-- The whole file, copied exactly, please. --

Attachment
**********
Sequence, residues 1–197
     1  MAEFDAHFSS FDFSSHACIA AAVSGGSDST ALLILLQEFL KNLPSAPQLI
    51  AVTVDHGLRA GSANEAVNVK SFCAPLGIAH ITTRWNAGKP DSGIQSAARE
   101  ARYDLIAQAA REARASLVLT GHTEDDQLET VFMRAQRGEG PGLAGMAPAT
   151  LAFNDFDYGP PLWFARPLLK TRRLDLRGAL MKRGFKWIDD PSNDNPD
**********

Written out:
Sequence, residues 1–197
     1  MAEFDAHFSS FDFSSHACIA AAVSGGSDST ALLILLQEFL KNLPSAPQLI
    51  AVTVDHGLRA GSANEAVNVK SFCAPLGIAH ITTRWNAGKP DSGIQSAARE
   101  ARYDLIAQAA REARASLVLT GHTEDDQLET VFMRAQRGEG PGLAGMAPAT
   151  LAFNDFDYGP PLWFARPLLK TRRLDLRGAL MKRGFKWIDD PSNDNPD